Unsurprisingly, the Canadian company wouldn’t give a release date for either platform. Nevertheless, it’s clear that BlackBerry doesn’t want to just expand to mobile platforms Android and iOS; it also wants BBM on your desktop in one form or another.
BerryReview snagged this photo of the Windows client, which was clearly shown off on the big screen above the audience:
BBin has a better shot:
It’s hard to make out, but BBM for Windows looks like an instant messaging client with the BlackBerry 10 design. Both publications present at the conference noted, however, that this is not a true desktop messaging client: it will require the smartphone app to function.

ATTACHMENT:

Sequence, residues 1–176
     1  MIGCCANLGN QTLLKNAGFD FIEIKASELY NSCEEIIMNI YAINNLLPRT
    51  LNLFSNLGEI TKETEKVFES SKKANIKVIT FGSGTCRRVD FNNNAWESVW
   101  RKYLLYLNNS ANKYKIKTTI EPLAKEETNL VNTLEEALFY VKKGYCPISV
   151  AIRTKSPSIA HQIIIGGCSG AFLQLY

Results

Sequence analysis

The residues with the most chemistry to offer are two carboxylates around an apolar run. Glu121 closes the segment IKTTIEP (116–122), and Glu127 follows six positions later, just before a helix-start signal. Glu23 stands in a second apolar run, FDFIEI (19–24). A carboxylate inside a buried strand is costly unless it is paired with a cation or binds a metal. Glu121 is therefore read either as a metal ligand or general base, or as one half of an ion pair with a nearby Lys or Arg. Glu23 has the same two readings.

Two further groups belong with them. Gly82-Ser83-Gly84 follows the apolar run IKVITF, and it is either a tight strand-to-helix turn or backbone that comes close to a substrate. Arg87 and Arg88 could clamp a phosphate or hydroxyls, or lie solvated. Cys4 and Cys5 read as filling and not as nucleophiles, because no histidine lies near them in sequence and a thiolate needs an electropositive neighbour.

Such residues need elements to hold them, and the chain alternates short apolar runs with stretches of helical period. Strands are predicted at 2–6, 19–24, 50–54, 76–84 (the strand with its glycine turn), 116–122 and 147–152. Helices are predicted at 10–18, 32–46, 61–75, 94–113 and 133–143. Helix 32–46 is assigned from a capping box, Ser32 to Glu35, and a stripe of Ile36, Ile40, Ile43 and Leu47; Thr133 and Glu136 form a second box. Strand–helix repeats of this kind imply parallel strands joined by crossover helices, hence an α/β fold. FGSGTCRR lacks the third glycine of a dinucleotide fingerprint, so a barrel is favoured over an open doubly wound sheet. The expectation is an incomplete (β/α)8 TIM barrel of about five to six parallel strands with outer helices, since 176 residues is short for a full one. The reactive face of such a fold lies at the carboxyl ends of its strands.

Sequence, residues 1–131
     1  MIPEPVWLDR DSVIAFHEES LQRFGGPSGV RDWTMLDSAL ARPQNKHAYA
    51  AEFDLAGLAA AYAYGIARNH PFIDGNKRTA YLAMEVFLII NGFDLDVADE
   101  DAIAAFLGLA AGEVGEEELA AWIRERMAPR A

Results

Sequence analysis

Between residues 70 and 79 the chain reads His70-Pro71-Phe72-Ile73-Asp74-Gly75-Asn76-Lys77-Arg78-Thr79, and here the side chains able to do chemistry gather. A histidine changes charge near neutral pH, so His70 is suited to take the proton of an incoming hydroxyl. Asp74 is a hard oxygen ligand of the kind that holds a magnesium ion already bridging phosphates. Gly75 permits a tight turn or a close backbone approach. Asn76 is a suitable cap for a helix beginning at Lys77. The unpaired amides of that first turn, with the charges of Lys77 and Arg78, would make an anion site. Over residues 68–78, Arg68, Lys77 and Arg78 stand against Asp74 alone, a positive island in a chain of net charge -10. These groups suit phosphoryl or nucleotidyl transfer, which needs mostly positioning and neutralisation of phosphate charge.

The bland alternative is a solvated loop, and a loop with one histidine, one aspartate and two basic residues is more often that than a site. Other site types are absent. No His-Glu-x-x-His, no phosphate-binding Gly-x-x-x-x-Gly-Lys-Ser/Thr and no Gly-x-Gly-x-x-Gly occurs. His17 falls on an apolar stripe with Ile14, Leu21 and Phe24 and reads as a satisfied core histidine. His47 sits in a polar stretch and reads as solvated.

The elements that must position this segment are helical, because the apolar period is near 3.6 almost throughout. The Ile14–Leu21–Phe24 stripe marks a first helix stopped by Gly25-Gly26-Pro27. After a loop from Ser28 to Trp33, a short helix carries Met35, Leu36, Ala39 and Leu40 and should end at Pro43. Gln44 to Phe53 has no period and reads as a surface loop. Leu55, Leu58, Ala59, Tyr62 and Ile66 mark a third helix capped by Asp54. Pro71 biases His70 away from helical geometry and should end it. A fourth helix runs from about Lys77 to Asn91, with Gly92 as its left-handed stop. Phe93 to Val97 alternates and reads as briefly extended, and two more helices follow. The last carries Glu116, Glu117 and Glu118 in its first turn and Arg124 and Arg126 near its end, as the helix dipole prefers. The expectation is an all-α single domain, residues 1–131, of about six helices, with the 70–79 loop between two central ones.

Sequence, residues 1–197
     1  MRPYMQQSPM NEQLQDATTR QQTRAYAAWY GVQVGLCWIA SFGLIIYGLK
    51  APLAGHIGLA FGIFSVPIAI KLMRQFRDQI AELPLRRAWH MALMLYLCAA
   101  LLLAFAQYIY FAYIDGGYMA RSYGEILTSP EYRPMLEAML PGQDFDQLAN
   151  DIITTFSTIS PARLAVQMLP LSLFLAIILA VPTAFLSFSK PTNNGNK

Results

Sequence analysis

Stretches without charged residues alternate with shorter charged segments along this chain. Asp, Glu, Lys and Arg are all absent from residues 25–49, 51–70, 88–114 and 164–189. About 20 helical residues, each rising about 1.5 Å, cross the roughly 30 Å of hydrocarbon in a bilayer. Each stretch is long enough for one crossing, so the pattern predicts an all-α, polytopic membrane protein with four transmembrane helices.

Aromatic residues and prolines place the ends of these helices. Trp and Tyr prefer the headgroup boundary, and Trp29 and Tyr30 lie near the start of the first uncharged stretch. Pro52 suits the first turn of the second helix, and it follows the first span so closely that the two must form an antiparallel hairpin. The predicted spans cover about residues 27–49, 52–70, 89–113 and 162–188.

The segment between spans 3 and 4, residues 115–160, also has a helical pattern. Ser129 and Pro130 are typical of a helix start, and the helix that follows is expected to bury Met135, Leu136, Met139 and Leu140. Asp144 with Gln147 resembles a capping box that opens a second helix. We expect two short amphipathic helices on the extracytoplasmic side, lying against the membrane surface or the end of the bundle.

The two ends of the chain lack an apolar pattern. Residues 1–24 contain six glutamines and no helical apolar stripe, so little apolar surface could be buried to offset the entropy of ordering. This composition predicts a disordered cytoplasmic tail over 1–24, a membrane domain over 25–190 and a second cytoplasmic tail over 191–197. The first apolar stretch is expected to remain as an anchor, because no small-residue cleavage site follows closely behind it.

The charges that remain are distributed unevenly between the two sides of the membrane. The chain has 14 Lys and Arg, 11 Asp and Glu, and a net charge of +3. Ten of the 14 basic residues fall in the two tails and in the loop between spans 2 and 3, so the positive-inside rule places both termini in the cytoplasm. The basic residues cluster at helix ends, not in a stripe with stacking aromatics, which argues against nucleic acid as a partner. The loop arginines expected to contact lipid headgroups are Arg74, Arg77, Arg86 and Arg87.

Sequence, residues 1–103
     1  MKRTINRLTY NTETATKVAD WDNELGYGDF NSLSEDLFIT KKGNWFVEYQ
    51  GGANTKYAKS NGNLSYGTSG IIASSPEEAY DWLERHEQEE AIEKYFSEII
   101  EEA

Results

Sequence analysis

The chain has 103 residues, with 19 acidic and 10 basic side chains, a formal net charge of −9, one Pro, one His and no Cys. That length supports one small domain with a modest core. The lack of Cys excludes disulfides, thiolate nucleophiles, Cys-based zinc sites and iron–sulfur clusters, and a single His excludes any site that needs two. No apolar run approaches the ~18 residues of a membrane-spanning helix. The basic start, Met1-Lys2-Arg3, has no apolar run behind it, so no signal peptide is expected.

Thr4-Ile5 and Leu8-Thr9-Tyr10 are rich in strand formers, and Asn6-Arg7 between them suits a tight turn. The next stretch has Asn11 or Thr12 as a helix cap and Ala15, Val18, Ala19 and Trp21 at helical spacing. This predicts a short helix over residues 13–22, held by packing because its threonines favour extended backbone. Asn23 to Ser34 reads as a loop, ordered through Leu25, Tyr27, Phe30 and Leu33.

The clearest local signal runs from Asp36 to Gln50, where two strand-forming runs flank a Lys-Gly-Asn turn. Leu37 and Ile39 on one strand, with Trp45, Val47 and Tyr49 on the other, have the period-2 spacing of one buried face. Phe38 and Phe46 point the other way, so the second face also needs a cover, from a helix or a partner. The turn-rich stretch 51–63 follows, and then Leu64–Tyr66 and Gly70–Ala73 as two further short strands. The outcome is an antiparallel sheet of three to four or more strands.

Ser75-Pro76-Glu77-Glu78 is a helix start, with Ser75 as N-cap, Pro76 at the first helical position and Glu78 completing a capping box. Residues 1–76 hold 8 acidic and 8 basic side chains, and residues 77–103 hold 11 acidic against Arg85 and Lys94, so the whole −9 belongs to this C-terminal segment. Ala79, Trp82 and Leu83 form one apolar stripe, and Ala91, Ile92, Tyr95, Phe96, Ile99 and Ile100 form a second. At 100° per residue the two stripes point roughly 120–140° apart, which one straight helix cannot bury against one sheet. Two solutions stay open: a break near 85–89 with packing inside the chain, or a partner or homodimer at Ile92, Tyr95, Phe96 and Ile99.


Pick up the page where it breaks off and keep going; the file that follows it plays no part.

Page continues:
BBM for Desktop will thus work similarly to how BBM works on the BlackBerry PlayBook via BlackBerry Bridge. You’ll have to link your smartphone with your computer over Wi-Fi so that messages (as well as files and photos) are routed through your mobile device. In other words, you’ll still only be able to login to BBM on just one device.
A desktop option could give BlackBerry an edge in the cross-platform messaging space, as competition from the likes of WhatsApp and WeChat, which are mobile-only, is already quite fierce. There’s also Facebook Messenger, which is available on the Web (of course) as well as Windows.
This sounds like good news to us (though the requirement of a mobile device could be a deal-breaker), but of course its success will greatly depend on execution. The failed launch of BBM for Android and iOS doesn’t make us hopeful.
Top Image Credit: Berrytokyo / Flickr